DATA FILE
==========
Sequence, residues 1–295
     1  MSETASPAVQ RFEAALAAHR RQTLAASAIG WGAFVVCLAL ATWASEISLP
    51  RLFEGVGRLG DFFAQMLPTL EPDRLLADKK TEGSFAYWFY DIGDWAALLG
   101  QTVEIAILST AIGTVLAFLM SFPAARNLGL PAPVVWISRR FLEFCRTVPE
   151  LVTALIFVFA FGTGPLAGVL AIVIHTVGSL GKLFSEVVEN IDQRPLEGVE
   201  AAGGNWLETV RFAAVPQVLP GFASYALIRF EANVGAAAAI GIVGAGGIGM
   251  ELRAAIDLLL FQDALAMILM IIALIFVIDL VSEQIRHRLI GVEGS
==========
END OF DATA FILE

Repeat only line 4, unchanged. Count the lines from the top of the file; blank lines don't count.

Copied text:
   101  QTVEIAILST AIGTVLAFLM SFPAARNLGL PAPVVWISRR FLEFCRTVPE